Visualizations show Hurricane Katrina gaining power
03.23.11 - Permalink
Work by NCSA's Advanced Visualization Laboratory on view at dome festivals
Data-driven visualizations of 2005's devastating Hurricane Katrina that were created by the Advanced Visualization Laboratory at NCSA are currently being shown at dome festivals in the United Kingdom, Cyprus and Portugal.
A hurricane research team at the Earth System Laboratory, led by Wei Wang, computed the evolution of the storm using a complex numerical weather prediction model. Running this mathematical model on the Bluefire supercomputer at the National Center for Atmospheric Research yielded terabytes of data, which AVL then transformed into a striking animation of the 36-hour period when the storm is gaining energy over the warm ocean. Volume-rendered clouds show abundant moisture. Trajectories follow moist air rising into intense "hot tower" thunderstorms and trace strong winds around the eye wall; rapidly rising air is yellow, while sinking air is blue. The sun, moon, and stars show the passing of time.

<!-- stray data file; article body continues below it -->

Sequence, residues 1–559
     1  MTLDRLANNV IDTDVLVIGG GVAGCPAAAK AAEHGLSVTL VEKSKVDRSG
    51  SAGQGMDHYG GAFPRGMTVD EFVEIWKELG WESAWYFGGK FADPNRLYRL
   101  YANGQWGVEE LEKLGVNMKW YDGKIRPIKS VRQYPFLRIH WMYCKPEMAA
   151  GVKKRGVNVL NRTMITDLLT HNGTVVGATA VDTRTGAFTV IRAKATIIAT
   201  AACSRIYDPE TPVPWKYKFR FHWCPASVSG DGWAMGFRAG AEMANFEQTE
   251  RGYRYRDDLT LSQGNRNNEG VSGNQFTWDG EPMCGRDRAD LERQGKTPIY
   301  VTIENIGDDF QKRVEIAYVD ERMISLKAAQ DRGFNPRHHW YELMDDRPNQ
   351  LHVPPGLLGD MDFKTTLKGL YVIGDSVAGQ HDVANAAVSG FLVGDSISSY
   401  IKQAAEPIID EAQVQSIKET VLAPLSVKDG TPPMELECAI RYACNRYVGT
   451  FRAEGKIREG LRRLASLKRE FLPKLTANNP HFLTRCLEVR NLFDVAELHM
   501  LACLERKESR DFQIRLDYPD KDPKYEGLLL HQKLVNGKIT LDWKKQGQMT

Ultimately the Katrina visualization will be part of a planetarium dome show called "Dynamic Earth" that is slated to debut this summer.
"Dynamic Earth" will use visualizations based on satellite monitoring data and advanced supercomputer simulations to explore the workings of Earth's climate, following a trail of energy that flows from the Sun into the atmosphere, oceans, and the biosphere. In addition to the Katrina sequence, NCSA's AVL team is also contributing a flight to the surface of Venus and several other astrophysics scenes to the "Dynamic Earth" production.
NCSA team members
NCAR team members